17. Dejan Lovren (6)
After five years at Anfield, the Croatian continues to polarise opinion among supporters. Some reckon he is an easy target when cheap goals are conceded; others maintain he should have been shipped off elsewhere a long time ago. While not as error-prone as in previous seasons, moments such as the misjudgment which facilitated Newcastle’s first goal against the Reds at St James’ Park showed why Lovren still struggles to hold down much affection among Kopites. At this point, it looks like he’ll either have to be content to play a backup role at Anfield or try his luck elsewhere.
18. Daniel Sturridge (5.5)
Sturridge would have known that he was unlikely to displace the settled front three this season, although he hit a hot streak early in the season and provided a stunning late equaliser against former club Chelsea. He was unable to maintain that form, however, and he has become an increasingly peripheral figure at Anfield this term. Even when given his chance, in most games he has failed to make an impact. He will be 30 in September and it would be no surprise if he seeks pastures new over the next few months.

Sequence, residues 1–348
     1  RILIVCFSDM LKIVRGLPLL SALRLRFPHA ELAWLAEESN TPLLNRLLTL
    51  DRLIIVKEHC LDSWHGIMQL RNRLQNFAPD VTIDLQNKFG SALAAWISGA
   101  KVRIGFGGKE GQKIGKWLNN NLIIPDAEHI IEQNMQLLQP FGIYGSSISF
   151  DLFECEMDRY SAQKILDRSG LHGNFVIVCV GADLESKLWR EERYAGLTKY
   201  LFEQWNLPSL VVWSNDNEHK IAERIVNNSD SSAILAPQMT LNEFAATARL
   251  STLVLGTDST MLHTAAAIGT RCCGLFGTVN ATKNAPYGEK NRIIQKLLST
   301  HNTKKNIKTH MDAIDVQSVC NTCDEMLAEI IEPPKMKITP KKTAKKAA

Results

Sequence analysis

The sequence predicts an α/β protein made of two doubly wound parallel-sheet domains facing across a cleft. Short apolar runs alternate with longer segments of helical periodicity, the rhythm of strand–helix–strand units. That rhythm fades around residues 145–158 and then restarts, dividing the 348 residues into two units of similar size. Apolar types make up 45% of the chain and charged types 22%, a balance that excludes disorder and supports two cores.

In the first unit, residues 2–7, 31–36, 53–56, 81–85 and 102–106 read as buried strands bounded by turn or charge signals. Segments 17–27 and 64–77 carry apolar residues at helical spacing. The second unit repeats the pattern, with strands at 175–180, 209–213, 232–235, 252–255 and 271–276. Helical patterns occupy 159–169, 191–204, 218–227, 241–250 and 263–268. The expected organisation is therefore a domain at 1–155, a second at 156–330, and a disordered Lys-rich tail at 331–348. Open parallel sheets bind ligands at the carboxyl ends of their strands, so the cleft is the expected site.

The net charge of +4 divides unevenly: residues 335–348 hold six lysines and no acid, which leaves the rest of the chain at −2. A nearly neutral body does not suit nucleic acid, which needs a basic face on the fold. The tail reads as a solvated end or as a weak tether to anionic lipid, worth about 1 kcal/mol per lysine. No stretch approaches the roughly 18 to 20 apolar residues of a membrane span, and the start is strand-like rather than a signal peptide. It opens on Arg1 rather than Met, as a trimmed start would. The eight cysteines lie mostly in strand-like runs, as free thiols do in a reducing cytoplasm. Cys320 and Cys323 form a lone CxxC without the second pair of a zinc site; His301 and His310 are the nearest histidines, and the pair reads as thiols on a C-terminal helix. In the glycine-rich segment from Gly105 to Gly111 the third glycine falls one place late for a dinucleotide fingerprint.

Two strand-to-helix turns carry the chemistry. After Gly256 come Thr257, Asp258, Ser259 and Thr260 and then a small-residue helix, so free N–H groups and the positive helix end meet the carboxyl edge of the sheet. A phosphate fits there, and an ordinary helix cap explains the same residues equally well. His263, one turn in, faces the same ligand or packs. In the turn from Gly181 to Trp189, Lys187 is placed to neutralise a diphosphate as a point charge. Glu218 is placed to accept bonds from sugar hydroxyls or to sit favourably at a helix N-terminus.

19. Adam Lallana (5)
As a long-time admirer of the 31-year-old, it pains me to put him at the bottom of this list. However, even Lallana’s most staunch backers are now forced to admit that his best days are in the past, the injury which kept him out of almost all of 2017/18 scuppering his career. He produced an outstanding performance in the 4-2 win at Burnley in March as a surprise starter, but only five starts all season indicate that, in two years, he has gone from one of Liverpool’s stars to a bit-part player. I fear that we have seen the last of him in red after five years at Anfield.